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Political Competition, Innovation and Growth in the History of Asian Civilizations

Edited by Peter Bernholz and Roland Vaubel

Do political decentralisation and inter state competition favour innovation and growth? There has long been a lively debate surrounding this question, going back to David Hume and Immanuel Kant. This book is a new attempt to test its veracity. The existing literature tends to assume that the beneficial effects of inter state competition have been confined to European history. By contrast, China, India and the Islamic Middle East are regarded as inherently imperial and overcentralised. However, these civilisations have not always been unified politically. In their history, there have been long spells of decentralised rule or inter state competition. The same is true for Japan. If the Hume–Kant hypothesis is correct, it should also apply to those periods. This volume analyses the qualitative and quantitative evidence.
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Chapter 5: Advantages of centralized and decentralized rule in Japan

Gu_nther Distelrath, Ken’ichi Tomobe and John Powelson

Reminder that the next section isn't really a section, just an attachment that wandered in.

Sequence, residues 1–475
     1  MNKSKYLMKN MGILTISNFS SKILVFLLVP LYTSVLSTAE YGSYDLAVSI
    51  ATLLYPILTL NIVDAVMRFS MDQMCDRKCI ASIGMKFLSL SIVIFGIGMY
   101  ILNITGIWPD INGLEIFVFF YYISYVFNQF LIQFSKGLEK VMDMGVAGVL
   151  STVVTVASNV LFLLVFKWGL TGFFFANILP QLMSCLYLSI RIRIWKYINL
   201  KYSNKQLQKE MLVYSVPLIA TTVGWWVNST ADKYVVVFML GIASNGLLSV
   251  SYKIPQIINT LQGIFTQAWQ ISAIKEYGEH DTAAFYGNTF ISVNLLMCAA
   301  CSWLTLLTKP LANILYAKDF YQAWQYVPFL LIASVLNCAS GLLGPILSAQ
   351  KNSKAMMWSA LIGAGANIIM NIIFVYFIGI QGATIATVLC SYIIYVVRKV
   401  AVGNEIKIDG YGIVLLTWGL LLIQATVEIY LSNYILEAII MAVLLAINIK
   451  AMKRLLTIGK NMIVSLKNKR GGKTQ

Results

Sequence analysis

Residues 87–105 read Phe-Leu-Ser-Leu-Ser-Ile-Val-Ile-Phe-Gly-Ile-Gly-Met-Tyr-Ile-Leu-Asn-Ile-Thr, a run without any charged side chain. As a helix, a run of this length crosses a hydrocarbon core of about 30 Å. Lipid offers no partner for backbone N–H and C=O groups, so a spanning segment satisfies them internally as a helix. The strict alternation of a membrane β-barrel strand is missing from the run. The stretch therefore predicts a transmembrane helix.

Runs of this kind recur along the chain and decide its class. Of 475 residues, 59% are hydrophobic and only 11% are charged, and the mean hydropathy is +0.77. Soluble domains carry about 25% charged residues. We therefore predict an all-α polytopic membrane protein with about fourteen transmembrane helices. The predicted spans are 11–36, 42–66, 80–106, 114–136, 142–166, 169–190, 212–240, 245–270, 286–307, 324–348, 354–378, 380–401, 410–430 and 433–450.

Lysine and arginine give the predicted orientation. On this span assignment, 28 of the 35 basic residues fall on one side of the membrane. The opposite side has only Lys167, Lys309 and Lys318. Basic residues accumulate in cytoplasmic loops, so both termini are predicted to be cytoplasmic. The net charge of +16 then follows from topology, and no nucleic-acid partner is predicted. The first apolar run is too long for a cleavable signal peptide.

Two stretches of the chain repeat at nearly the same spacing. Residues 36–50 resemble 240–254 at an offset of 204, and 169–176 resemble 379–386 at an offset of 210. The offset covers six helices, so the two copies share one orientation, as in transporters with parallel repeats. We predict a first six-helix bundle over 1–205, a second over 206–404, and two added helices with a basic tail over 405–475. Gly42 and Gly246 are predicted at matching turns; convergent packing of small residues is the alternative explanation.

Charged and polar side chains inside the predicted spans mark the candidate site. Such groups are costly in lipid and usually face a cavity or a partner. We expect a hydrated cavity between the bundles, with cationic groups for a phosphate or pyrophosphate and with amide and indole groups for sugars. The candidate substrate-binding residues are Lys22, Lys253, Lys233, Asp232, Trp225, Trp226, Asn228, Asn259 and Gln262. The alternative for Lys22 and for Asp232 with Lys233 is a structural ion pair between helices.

Günther Distelrath PREFACE Within the course of her history, Japan has experienced phases both of centralized order and those of orientation towards decentralized rule. In the process of transition between these phases, the influence of foreign powers and military attack from without, which might eventually have led to dynasty changes (as occurred several times in China), played only a minor role in Japan up until 1945. Nevertheless the country repeatedly followed foreign examples, especially when it came to legitimizing a central government; in part it was pressure from without that caused the centralization of the political order. In this contribution I shall begin by giving a historical overview of the changes between the phases of more centralized and more decentralized constitution of the political, economic and social systems in Japan. I shall base my evaluation of the advantages and disadvantages of these orientations on the respective economic living standards of the population. Until the opening-up of Japan towards the modern international system in the mid-nineteenth century, it will be sufficient to rely entirely on internal factors, while thereafter the external influences became increasingly important. My discussion of Japan’s modern developments will first focus on the country’s departure from being a semi-colonized state1 to its becoming an imperialist power and then give a brief picture of the switch from high-speed growth and ‘catch-up’ to the present stagnation. Appraising the advantages and disadvantages of centralized versus decentralized rule from Japan’s historical experience, I shall argue that the social and economic conditions...

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